BMW's lineup is one of the most diverse in the industry in terms of powertrain variants. Across the lineup of models, there's everything from a 3-cylinder engine to a V12, not to mention all the variations in configurations - gasoline, diesel, hybrid or pure electrification.
In the next few years, that offer will get less diverse. For one thing, the BWM Group, which encompasses the BMW, Mini and Rolls-Royce brands, is set to greatly expand the number of electric models it sells. BMW expects half of its sales by 2030 to be electric vehicles, which means there will be much less demand for internal combustion engines than there is now.
BMW accordingly aims to halve the variants of its current propulsion systems by 2025. CEO Oliver Zipse told investors last week at the company's annual general meeting in Munich, Germany that “we are reducing complexity, with fewer variants and fewer drivetrains, keeping only those for which there is real demand”.
Many of the powertrains will initially be cut at Mini, which is scheduled to launch its last combustion engine-powered car in 2025. BMW, too, will lose many gasoline- and diesel-powered models as the brand begins rolling out new all-electric models. According to BMW, the key moment occurs in 2023, year by which the automaker plans to have 13 all-electric models on its roster.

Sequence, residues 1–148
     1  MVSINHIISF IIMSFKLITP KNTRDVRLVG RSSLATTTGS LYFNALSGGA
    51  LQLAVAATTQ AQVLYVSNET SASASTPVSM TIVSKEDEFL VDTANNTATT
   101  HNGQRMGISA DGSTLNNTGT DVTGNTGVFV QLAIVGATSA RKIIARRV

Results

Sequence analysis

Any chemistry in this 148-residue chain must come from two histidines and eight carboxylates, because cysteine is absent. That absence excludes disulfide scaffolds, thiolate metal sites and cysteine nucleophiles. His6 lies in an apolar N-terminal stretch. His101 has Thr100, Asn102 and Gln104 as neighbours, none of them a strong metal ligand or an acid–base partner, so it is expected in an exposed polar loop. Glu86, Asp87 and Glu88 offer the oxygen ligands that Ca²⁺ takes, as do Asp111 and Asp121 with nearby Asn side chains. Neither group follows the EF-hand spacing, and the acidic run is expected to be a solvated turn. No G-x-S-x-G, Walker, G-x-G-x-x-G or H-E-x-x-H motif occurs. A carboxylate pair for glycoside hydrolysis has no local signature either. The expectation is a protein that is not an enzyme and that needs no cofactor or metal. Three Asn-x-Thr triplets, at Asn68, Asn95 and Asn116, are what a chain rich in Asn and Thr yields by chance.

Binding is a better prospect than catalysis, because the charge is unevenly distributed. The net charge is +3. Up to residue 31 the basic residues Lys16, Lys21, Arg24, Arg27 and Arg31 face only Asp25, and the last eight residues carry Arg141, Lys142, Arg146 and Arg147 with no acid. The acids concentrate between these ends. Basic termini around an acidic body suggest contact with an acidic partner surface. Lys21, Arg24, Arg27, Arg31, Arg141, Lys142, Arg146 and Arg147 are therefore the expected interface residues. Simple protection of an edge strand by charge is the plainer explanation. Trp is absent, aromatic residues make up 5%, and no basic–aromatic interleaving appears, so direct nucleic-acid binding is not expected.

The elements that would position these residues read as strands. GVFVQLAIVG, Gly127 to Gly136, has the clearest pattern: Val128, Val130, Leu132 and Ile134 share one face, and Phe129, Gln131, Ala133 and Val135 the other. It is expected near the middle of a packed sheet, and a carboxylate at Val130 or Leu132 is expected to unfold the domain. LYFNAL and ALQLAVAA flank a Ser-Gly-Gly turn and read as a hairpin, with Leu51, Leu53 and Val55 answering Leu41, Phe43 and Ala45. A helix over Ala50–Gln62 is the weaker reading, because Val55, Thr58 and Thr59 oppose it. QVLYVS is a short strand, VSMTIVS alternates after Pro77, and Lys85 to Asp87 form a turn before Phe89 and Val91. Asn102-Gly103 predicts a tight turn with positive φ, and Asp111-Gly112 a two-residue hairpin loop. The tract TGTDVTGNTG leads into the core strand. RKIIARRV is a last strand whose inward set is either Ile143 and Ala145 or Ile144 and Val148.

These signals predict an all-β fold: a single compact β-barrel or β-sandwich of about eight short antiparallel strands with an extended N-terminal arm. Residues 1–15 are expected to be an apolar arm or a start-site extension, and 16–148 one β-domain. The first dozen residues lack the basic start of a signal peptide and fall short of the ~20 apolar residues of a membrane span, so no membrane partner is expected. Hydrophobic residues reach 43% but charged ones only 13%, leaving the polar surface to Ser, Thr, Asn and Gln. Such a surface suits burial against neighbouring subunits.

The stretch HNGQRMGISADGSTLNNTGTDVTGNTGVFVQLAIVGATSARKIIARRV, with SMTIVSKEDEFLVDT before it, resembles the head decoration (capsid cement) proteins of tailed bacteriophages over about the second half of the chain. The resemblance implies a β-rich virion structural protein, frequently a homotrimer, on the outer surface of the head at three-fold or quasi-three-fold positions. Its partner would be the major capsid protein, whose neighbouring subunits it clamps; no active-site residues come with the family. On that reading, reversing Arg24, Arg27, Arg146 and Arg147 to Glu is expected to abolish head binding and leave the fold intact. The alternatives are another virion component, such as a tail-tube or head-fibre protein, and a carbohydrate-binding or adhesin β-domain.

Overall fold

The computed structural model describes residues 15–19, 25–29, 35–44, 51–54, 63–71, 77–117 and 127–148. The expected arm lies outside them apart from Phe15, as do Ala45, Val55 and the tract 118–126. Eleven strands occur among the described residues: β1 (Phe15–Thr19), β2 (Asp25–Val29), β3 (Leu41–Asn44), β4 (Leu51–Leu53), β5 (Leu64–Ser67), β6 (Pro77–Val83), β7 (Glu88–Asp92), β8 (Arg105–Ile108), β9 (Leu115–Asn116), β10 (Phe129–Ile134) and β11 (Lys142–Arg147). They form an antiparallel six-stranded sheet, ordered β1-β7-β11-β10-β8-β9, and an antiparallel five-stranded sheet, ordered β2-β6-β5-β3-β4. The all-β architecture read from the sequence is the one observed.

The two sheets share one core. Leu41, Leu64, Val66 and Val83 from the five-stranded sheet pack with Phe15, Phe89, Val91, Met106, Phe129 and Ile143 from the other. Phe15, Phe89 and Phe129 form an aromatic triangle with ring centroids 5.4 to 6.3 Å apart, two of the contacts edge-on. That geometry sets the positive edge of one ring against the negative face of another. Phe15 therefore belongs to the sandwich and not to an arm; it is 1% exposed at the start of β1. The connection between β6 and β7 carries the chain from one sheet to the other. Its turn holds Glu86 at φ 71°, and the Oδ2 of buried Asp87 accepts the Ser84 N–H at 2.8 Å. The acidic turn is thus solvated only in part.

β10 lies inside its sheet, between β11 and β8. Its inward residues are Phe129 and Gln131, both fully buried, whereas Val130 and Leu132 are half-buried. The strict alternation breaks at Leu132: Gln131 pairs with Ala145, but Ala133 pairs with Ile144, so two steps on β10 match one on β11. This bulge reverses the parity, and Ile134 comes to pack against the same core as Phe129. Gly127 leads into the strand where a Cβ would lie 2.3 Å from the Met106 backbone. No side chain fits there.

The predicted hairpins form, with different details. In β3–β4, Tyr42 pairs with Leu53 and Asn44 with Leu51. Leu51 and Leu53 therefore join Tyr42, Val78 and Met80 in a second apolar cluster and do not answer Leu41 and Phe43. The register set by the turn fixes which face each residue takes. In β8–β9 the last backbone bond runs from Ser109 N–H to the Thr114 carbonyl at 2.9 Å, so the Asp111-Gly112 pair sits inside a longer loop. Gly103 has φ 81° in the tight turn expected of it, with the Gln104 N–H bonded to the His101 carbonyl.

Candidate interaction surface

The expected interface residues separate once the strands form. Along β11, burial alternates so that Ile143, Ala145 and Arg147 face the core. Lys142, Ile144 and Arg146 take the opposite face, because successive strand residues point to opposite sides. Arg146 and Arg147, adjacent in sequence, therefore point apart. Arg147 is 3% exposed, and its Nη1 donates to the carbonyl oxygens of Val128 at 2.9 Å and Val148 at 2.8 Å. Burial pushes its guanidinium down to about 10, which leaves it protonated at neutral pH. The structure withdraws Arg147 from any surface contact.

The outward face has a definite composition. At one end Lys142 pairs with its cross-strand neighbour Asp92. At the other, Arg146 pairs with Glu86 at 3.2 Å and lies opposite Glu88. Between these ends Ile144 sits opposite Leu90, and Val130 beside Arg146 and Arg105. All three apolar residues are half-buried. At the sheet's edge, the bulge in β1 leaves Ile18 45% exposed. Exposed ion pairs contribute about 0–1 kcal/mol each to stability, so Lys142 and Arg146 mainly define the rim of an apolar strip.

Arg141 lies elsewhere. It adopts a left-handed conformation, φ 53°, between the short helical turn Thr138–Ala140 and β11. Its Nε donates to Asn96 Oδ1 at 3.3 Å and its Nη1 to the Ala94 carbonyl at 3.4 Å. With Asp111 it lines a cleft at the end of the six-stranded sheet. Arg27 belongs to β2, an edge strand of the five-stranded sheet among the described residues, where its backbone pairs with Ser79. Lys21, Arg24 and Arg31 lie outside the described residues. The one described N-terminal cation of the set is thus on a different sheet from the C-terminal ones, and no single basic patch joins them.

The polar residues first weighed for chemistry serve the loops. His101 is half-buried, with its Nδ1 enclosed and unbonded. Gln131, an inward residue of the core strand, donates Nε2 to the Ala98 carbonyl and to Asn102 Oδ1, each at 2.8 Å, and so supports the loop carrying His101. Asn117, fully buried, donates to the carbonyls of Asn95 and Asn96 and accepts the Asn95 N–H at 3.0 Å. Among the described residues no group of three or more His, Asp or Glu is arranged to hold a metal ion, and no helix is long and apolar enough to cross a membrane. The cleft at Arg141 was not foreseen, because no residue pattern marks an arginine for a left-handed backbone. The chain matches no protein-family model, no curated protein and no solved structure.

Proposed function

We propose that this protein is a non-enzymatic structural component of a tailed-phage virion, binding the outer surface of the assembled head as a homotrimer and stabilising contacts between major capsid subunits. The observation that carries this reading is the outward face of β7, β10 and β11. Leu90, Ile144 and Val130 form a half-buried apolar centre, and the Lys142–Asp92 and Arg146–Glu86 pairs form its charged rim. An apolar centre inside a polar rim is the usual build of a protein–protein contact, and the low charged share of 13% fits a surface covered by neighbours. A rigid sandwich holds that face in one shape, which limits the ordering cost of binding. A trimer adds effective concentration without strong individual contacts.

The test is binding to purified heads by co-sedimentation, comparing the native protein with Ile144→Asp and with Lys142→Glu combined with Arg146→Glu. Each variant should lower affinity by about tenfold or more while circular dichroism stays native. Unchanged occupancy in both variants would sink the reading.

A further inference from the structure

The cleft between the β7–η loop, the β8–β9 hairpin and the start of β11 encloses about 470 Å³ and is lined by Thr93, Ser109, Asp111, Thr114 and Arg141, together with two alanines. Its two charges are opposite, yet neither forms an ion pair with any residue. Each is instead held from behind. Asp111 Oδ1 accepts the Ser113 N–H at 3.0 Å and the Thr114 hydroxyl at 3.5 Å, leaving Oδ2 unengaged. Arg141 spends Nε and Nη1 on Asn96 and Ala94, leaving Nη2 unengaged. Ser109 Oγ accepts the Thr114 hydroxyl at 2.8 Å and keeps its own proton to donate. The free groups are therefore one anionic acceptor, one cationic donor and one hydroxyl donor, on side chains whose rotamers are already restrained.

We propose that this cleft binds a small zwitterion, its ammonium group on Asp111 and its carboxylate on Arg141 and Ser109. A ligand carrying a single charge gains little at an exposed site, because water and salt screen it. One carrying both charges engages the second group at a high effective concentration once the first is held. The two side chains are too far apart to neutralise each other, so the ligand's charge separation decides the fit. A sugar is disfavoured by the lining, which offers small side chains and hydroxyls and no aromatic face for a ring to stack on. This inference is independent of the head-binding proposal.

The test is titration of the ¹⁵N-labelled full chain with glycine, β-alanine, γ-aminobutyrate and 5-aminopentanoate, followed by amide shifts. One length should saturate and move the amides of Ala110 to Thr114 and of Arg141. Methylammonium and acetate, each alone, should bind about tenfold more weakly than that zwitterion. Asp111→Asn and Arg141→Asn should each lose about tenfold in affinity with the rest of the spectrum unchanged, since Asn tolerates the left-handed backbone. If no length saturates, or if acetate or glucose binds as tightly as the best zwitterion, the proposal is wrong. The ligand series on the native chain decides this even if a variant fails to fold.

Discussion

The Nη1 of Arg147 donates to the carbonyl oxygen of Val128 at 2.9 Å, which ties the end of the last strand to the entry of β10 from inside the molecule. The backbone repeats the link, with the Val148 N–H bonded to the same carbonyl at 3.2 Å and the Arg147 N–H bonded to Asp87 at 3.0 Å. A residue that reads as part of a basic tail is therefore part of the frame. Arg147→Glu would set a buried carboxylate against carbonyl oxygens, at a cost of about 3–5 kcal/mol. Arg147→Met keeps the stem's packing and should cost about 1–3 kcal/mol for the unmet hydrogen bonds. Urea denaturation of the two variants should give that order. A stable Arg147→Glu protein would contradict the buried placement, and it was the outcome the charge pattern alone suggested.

And the transition has already begun. At the shareholder meeting, Oliver Zipse said that about 5,000 staff members have chosen to leave the company as part of a severance package, while 4,000 new members have been recruited for “future areas of activity”.
The company is also reducing its production capacity for combustion engines. Last fall, it said it would end engine manufacturing in Germany by 2024.
The good news for enthusiasts who still have oil coursing through their veins is that the company believes combustion engines have many more years ahead of them, though those will be supplemented by electrification, such as mild and plug-in hybrid systems.